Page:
Matthew Desmond, an associate professor of sociology and social science at Harvard and co-director of the Justice and Poverty Project addresses these questions, by raising awareness—we have a housing problem. What is the solution? What it really means to be evicted. Housing. Poverty. The urban poor. A rising problem in America.
For every eviction executed through the judicial system, there are two others executed beyond the purview of the court, beyond any form of due process. Informal evictions. His data showed the median age of a tenant in the Milwaukee’s eviction court was thirty-three. Youngest nineteen; oldest sixty-nine. The median monthly household income of tenants in eviction court was $935 and back rent owed equaled this amount. With children, this could be equivalent to four months of back rent.
To Desmond, poverty was a relationship, one that brought together the rich and the poor. The way to understand it was to find some process that exposed those ties. Fewer and fewer families can afford a roof over their head. How do the poor survive? Food, clothing, and stable housing. Even in the most desolate areas of American cities, eviction used to be rare. These days there are sheriff squads whose full-time job is to carry out eviction and foreclosure orders. From moving companies, data mining companies, housing courts; low-income families have grown accustomed to their belongings lining the curbs.
Millions of Americans are evicted every year because they can’t make the rent. Unfortunately, the majority of poor renting families in America spend over half of their income on housing, and at least one in four dedicates over 70 percent to paying the rent and keeping the lights on.
There is hope. There are solutions. Federally Funded Housing Choice Voucher Program helps secure decent housing. (we need more of them). They reduce homelessness and allow families to devote more resources to heath care, transportation, and food. However, there are waiting lists. Some are so long, they are now closed, with no availability in sight. This means the people are not moving until they die. They have secured their slot.
As Desmond reiterates, a problem as big as the affordable housing crisis calls for a big solution. It should be the top of American’s domestic policy agenda because it is driving poor families to financial ruin and even starting to engulf families with moderate incomes. Today over 1 in 5 of all renting families in the country spends half of its income on housing.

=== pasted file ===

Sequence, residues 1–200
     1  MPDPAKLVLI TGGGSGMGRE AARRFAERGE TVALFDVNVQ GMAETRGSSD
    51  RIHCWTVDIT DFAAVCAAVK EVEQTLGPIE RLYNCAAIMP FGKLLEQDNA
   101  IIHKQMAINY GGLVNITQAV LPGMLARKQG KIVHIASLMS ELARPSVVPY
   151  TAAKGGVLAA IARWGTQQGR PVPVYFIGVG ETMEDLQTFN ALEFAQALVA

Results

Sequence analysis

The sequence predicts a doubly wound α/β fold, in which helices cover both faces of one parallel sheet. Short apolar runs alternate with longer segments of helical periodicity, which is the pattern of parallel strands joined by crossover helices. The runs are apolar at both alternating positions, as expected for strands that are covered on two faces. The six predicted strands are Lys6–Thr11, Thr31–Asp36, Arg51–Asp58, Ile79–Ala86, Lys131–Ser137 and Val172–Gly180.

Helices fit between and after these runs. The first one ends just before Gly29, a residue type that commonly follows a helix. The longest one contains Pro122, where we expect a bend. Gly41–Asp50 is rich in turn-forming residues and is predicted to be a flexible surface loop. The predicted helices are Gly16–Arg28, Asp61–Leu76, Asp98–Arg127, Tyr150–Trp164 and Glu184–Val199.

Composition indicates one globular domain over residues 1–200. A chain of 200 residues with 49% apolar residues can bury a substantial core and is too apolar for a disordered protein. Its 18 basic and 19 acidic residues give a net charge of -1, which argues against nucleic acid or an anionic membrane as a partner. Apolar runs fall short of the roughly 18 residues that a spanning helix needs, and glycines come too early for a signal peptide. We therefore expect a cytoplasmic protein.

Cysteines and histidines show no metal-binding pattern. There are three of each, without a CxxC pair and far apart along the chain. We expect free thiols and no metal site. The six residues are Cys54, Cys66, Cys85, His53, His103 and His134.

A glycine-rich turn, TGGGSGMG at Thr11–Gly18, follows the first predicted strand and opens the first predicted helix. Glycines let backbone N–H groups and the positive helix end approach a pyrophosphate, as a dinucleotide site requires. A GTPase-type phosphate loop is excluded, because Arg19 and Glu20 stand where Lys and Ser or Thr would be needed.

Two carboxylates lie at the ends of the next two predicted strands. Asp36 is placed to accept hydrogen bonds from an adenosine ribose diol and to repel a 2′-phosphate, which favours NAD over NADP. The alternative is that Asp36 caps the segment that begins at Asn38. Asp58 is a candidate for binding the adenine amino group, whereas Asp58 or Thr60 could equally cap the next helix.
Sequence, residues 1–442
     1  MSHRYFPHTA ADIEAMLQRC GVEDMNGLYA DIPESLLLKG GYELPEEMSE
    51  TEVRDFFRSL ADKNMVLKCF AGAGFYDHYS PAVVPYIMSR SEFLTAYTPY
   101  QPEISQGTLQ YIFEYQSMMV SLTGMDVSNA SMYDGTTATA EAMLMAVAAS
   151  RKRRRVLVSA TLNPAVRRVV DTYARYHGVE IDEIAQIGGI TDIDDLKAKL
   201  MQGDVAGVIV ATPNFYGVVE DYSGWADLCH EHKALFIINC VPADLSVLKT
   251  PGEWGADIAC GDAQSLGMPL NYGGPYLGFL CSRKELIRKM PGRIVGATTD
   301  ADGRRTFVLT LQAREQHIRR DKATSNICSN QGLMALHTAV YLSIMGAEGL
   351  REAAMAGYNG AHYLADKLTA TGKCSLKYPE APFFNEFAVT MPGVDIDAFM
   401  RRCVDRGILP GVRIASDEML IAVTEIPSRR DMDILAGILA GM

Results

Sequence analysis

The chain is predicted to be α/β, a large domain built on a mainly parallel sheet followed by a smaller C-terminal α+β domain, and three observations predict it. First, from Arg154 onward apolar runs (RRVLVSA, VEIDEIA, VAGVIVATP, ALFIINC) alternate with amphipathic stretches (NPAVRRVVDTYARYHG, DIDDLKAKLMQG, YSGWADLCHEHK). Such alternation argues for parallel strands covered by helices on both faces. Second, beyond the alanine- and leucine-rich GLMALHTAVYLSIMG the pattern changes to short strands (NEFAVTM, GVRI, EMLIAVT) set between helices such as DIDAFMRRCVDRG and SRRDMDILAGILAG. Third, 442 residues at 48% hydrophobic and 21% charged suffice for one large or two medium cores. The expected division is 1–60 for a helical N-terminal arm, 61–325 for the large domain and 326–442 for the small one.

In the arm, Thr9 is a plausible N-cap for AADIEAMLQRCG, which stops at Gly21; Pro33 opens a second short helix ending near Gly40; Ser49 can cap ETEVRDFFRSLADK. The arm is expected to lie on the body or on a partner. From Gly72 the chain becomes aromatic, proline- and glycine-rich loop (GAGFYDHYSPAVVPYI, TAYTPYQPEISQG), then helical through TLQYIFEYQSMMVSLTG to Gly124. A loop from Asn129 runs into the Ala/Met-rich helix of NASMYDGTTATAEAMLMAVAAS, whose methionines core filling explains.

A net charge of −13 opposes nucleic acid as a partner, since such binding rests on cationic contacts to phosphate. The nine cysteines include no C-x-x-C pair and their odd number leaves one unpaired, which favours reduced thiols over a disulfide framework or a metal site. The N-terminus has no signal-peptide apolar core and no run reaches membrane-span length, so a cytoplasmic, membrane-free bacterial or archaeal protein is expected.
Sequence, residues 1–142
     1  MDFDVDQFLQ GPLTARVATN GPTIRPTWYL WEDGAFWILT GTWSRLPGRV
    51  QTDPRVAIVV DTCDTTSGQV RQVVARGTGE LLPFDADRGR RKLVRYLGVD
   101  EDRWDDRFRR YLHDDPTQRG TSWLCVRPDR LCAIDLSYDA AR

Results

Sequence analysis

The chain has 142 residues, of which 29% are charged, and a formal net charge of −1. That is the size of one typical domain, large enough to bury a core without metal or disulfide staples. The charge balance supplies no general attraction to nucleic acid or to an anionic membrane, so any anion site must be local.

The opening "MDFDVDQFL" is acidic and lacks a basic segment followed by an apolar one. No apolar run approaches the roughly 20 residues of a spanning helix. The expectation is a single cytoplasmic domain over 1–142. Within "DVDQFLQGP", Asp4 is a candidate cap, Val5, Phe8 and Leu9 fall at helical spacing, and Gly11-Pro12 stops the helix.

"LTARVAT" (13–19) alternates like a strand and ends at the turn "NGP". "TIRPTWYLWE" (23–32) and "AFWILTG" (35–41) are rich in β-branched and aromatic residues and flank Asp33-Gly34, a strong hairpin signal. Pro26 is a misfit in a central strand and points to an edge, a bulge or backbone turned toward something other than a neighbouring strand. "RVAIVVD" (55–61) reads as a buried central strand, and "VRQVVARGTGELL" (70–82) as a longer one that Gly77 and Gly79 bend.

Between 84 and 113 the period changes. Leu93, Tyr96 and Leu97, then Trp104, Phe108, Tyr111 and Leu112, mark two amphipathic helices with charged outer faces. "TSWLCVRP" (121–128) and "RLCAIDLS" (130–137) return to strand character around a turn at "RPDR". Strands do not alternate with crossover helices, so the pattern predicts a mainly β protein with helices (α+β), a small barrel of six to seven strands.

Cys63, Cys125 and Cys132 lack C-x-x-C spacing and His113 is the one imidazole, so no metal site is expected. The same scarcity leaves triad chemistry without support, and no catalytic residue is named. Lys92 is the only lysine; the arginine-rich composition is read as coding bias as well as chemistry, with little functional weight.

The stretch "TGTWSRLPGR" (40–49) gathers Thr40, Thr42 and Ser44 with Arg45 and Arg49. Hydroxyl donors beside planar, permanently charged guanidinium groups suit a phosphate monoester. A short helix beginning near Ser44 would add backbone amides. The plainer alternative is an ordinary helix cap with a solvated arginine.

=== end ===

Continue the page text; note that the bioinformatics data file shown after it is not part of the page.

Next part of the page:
Balancing of two freedoms: by significantly expanding our housing voucher program so that all low-income families could benefit from it. A universal housing voucher program would carve a middle path between the landlord’s desire to make a living and the tenant’s desire, simply to live.
The idea is simple. Every family below a certain income level would be eligible for a housing voucher. They could use that voucher to live anywhere they wanted, just as families can use food stamps to buy groceries, as long as their housing was neither too expensive, or too shabby and run down. Decent, modest, and fairly priced. 30 percent of the income to housing costs, with the voucher paying the rest.
A universal voucher program would change the face of poverty in this country. Eviction would plummet and become rare occurrences. Homelessness would almost disappear. Families would immediately feel the income gains and be able to buy enough food, invest in themselves and their children through schooling or job training and start modest savings. They would find stability and have a sense of ownership over their home and community.
The poor are not invisible. The rich can become poor and both can be evicted.
What separates EVICTED from many other books, is Desmond’s personal experience. In addition to being well-researched with facts, statistics (which I love), readers want to learn what goes on behind closed doors. How these families arrived at this point? Their choices? We have to understand in order to make corrections. Addressing the problems. Seeking solutions.
Desmond connects with these families, their hardships, their struggles—human dynamics, tragedy, and the those with little choices. When their entire paycheck goes to keeping a roof over their head. They will always fall behind. We also hear from the tenants and landlords—the good, bad, and the ugly. The devastation.
Baby Boomers, and middle working America will be lumped in with the low-income poverty level as they begin drawing social security. As more baby-boomers are taking early retirement, this group will further compound, the low-income housing crisis.
Highly Recommend! I would urge you to read the author’s background, his journey, and the inspiration behind the project. Poverty, he felt, was unnecessary and morally outrageous. I am in total agreement. Inspiring! Well written and informative. We need more people, with the drive and tenacity to take a stand, be an advocate, as we join together in the fight for better low-income housing which will only strengthen us as a community, a country, and build a better tomorrow for our next generation.
Powerful. Thought-provoking. Top Non-Fiction Books of 2016.Reform is needed!
Sociology and Poverty:The Great Expectations of Matthew Desmond: The Chronicle Review. Photo credit: Scott Brauer for The Chronicle By Marc Parry FEBRUARY 24, 2016